Fenland District Council turn to Twitter and Facebook for annual business plan feedback

PUBLISHED: 12:00 09 January 2019 | UPDATED: 12:00 09 January 2019

Fenland District Council is set to use Twitter and Facebook to gauge a reaction to its new annual draft business plan. Picture(s): ARCHANT / GOOGLE MAPS

Fenland District Council is set to use Twitter and Facebook to gauge a reaction to its new annual draft business plan. Picture(s): ARCHANT / GOOGLE MAPS

ARCHANT / GOOGLE MAPS

Fenland Council is taking to Twitter to test public opinion on its future plans.

The council says it will use social media polls on both Twitter and Facebook to gauge reaction to its newly published draft business plan.

Each year the council publish their business plan which includes everything they plan to do in the region in the New Year.

For the first time ever, members of the public are able to vote on the business plan using social media polls on Facebook and Twitter.

The council says it aims “to improve the quality of life for people living in Fenland” from 2019 to 2020.

They revealed that despite being in the 10th year of public sector austerity they have made savings of £9.5 million.

Proposals up for debate include an injection of cash into the market towns of Chatteris, March, Whittlesey and Wisbech who will each receive £50,000 to make “Fenland an even better place to live”.

Following nine successful bids, the council has received more than £1.1 million for projects to promote cohesion and reduce the impact of migration.

Council leader Chris Seaton and chief executive Paul Medd, said: “It’s not just about making efficiencies though.

“We are an ambitious forward-thinking council and continue to lobby for investment to help tackle important issues.

“Now in its second year, the Cambridgeshire and Peterborough Combined Authority have committed millions of pounds towards projects in Fenland.”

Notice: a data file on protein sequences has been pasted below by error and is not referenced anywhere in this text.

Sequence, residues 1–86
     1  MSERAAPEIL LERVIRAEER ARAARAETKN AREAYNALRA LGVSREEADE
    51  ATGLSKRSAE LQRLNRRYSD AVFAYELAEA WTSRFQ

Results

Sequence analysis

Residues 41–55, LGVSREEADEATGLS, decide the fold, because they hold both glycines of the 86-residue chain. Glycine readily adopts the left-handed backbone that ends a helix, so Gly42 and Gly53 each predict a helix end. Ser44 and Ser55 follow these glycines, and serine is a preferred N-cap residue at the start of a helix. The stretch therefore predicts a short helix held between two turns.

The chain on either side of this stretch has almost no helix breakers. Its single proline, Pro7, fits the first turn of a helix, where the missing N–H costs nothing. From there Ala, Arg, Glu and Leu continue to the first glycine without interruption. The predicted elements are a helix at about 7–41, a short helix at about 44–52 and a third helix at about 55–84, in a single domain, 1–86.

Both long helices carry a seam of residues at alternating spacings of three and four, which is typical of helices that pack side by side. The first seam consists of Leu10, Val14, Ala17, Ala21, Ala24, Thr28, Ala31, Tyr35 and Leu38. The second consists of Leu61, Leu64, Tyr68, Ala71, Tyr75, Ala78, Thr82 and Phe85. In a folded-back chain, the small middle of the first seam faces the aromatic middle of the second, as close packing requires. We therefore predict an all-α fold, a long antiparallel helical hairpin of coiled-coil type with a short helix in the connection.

The report revealed that 23 per cent of the population in Fenland are aged 65 or over; which is above average compared to the UK as a whole.

It also revealed that Fenland is the 80th most deprived area in the country, with some wards in Wisbech within the top 10 per cent.

The council say that despite the challenges of austerity, all 382 employees are “proud to deliver a variety of high-quality core services for local people”.

On average, the council empty three million bins, clean 210 million square miles of town centres and open spaces, determine 1,300 planning applications and enable 75,400 people to vote in elections.

This year, the council will continue to focus on past successes included delivering four Golden Age fairs across the district.

They plan to deliver the ‘Four Seasons’ event programme in partnership with the market towns and increase the use of local open spaces.

They will base the success on various ‘performance indicators’, including public feedback and the number of satisfied attendees.

The consultation runs until February 1 and the outcomes will be considered by cabinet on February 21. Go to Fenland Council website for more information.

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